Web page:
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About a week ago, Ellie Greenwood wrote an article about a tendency among some ultrarunners to avoid “shorter” races like the marathon. Among the possible explanations, she states that:

…maybe, just maybe, it’s because we as ultrarunners are sometimes afraid to put ourselves up against a standard distance and an unforgiving clock and see if we can knock out mile after mile of evenly paced running. It’s not an easy thing to do and it can be somewhat intimidating.

As I read that line, I nodded to myself. Certainly the other reasons she gave (including that marathons can sometimes feel over-commercialized and/or over-hyped) hold true, but the reluctance to embrace “speed” (whatever that means for a given individual) is certainly something I suffer from. It seems like shorter races demand speed, so I probably wouldn’t do a good job at running a road half-marathon or marathon just to enjoy the experience.

But today I realized that even within the realm of trail ultras, these same mental hurdles can pop up.

Case in point: the race I’m going to run tomorrow, the Bear Chase, is 50 miles — the same distance as the Tahoe Rim Trail run I ran two months ago.

But the course for the Bear Chase has less than half the vertical change as the Tahoe Rim race, and is significantly less technical. And there are more aid stations at the Bear Chase, so I’ll run with one bottle instead of two. And the base elevation of the course is lower. And the weather forecast for the Bear Chase calls for a warm day (and I hate the heat), there isn’t any chance of scary electrical storms like we had in Tahoe. And since tomorrow’s race is a local event, I don’t have to travel far, and even get to sleep in my bed tonight.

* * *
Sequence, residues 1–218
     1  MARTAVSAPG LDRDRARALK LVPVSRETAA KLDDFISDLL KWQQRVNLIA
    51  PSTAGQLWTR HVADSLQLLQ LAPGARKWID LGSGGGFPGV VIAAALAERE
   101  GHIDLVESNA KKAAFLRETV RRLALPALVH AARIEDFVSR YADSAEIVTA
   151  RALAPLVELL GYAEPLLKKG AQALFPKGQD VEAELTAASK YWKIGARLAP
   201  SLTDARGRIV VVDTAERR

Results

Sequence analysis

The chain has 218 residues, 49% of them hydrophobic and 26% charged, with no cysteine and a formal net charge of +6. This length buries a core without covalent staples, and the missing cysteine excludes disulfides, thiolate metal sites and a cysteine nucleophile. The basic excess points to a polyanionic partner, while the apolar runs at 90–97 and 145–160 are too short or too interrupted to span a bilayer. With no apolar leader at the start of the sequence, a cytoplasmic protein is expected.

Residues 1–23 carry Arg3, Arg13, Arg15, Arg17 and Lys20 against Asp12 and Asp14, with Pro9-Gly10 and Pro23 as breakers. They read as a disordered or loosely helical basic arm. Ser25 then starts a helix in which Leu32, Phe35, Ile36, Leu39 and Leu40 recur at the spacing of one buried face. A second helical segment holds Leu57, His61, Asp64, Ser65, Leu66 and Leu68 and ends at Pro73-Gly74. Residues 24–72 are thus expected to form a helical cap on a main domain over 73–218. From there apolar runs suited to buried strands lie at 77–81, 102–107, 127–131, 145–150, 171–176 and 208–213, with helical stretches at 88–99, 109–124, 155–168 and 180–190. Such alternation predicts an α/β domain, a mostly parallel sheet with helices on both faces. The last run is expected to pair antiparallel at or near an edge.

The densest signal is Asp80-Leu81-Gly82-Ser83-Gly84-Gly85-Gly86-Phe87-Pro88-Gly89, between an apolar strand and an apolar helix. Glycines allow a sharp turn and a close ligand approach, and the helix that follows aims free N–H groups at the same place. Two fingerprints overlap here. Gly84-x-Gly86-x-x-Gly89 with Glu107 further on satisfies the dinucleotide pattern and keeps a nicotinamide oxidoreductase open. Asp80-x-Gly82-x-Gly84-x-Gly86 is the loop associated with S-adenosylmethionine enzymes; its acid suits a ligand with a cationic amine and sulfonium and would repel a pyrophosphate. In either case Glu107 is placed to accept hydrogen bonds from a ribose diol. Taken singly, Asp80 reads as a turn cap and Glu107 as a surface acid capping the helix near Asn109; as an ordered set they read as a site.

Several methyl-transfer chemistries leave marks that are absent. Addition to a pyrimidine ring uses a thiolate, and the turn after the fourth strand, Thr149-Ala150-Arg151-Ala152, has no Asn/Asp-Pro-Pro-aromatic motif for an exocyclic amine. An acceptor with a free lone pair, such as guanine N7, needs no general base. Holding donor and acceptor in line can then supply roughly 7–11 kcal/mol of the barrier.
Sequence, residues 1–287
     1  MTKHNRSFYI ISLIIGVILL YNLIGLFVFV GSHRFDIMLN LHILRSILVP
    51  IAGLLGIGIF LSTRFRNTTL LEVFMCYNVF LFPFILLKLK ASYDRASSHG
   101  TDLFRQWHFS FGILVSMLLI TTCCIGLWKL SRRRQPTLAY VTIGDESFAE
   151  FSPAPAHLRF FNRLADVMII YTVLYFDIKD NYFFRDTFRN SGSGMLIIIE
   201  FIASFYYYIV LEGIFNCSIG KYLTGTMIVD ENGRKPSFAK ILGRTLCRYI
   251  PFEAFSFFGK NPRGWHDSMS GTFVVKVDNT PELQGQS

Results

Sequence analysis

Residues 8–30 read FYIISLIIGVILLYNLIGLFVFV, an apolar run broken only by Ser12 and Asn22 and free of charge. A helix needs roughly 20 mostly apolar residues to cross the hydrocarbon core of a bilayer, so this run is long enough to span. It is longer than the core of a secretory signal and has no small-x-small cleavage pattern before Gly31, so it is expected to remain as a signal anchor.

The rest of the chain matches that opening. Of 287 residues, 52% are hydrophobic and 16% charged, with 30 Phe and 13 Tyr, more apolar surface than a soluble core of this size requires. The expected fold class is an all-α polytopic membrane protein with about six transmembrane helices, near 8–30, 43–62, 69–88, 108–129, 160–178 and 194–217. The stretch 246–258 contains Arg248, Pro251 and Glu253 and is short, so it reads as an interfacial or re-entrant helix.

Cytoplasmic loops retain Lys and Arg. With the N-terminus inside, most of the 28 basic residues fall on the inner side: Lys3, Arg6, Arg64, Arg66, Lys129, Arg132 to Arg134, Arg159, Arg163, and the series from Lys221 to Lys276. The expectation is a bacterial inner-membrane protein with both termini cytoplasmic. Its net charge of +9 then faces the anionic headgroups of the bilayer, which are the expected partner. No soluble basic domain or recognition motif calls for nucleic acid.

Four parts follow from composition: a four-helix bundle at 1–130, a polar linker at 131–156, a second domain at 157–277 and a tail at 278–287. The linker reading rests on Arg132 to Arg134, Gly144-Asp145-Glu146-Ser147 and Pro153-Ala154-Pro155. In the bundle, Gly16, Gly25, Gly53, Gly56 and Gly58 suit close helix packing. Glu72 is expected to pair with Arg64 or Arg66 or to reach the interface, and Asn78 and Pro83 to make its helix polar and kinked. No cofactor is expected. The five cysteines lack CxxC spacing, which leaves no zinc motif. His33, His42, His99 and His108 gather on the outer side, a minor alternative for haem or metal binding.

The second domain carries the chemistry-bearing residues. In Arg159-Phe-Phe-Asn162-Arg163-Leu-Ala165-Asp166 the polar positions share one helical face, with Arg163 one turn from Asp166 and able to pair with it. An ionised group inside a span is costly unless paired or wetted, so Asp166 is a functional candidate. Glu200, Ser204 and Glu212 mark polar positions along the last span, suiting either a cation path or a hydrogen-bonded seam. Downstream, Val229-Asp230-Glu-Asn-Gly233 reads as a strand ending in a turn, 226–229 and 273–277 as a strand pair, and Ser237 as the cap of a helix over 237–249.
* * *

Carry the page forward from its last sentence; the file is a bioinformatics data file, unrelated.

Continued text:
So why am I stressed?

I’m stressed BECAUSE of all those differences. They lead to the inescapable conclusion that Bear Chase is a faster course than the Tahoe Rim. And that means there are self-imposed (though of unknown origin) time expectations hanging over my head. For someone who tells himself (and almost entirely believes) that he’s indifferent to speed, those expectations are something of a burden.

After all, I’ve got to run faster than what I ran at Tahoe, right? I mean, my time tomorrow should be at least an hour, maybe two… or more… quicker than Tahoe. There’s no Red House Loop or climb up Incline Village! The trails aren’t nearly as twisty, and they’re not nearly as rocky!

I’m not sure how these thoughts crept into my mind, but today it’s hard to keep them at bay. Somehow, even though I didn’t have a training plan in place for this race, and it wasn’t a focus of my running calendar this year, something has me a little out of sorts.

The day before running a new event stinks.

Maybe heading to an ultra for the first time is like going out on a first date. The date itself is never anywhere near as stressful or exciting as  the anticipation of it. Managing expectations and fear is a constant challenge. And the first date with someone new is ALWAYS going to bring up the butterflies in the stomach, even if you’ve dated plenty of other people before.

The funny thing is, I know myself well enough to realize that all this pre-race tension/excitement will quickly fade away once I get to the start area tomorrow morning. Once the gun goes off and running actually starts, I know I’ll be back to a happier state of mind within just a few strides down the trail.